Modeling Urban Behavior by Mining Geotagged Social Data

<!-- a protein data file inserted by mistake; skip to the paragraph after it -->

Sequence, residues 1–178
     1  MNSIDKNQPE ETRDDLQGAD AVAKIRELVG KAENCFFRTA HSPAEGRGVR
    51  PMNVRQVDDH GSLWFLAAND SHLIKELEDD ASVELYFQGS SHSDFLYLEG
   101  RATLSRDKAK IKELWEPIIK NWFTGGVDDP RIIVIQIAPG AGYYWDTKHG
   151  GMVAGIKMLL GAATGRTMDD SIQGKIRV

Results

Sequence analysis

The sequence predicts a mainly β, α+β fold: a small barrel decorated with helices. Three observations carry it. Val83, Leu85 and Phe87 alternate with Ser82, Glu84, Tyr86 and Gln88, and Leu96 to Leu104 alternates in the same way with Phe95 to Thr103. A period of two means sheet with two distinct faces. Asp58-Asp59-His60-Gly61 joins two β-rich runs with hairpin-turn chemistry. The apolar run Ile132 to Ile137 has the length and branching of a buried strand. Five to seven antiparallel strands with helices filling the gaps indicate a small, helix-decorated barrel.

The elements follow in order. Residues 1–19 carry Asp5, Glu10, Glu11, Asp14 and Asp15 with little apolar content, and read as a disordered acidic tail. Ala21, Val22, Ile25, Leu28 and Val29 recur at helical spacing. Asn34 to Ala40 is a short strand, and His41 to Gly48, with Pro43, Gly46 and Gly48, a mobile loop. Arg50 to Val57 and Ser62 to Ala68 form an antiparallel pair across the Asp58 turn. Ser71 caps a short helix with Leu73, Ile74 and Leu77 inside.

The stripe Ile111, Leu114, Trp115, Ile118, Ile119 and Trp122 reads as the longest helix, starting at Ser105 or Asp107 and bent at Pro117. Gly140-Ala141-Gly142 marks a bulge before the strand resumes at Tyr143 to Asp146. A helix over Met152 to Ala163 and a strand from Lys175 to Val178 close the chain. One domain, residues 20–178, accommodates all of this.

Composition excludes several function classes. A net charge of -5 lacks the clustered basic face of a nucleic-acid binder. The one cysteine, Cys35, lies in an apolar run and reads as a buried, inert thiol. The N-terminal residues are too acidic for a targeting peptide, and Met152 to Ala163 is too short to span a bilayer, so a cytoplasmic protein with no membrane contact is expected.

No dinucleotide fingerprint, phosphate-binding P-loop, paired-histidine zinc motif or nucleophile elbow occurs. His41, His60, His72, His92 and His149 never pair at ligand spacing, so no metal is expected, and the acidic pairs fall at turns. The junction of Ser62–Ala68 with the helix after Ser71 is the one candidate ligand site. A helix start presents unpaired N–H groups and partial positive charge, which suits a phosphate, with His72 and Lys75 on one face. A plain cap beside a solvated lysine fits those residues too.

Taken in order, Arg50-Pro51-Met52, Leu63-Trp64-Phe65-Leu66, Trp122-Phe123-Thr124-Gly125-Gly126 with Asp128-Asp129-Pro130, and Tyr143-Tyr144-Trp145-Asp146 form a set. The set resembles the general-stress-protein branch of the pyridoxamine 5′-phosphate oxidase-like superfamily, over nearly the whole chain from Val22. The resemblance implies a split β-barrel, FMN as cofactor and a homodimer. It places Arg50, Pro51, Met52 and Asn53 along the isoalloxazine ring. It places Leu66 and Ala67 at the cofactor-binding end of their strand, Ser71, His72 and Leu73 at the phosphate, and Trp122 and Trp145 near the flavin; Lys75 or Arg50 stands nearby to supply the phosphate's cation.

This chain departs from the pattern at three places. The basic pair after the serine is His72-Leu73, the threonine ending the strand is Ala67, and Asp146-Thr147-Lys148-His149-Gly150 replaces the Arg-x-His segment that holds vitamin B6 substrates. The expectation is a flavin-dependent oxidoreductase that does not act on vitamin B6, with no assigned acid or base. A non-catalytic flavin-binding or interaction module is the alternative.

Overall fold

Data generated on location-based social networks provide rich information on the whereabouts of urban dwellers. Specifically, such data reveal who spends time where, when, and on what type of activity (e.g., shopping at a mall, or dining at a restaurant). That information can, in turn, be used to describe city regions in terms of activity that takes place therein. For example, the data might reveal that citizens visit one region mainly for shopping in the morning, while another for dining in the evening. Furthermore, once such a description is available, one can ask more elaborate questions. For example, one might ask what features distinguish one region from another – some regions might be different in terms of the type of venues they host and others in terms of the visitors they attract. As another example, one might ask which regions are similar across cities. In this paper, we present a method to answer such questions using publicly shared Foursquare data. Our analysis makes use of a probabilistic model, the features of which include the exact location of activity, the users who participate in the activity, as well as the time of the day and day of week the activity takes place. Compared to previous approaches to similar tasks, our probabilistic modeling approach allows us to make minimal assumptions about the data – which relieves us from having to set arbitrary parameters in our analysis (e.g., regarding the granularity of discovered regions or the importance of different features). We demonstrate how the model learned with our method can be used to identify the most likely and distinctive features of a geographical area, quantify the importance features used in the model, and discover similar regions across different cities. Finally, we perform an empirical comparison with previous work and discuss insights obtained through our findings.
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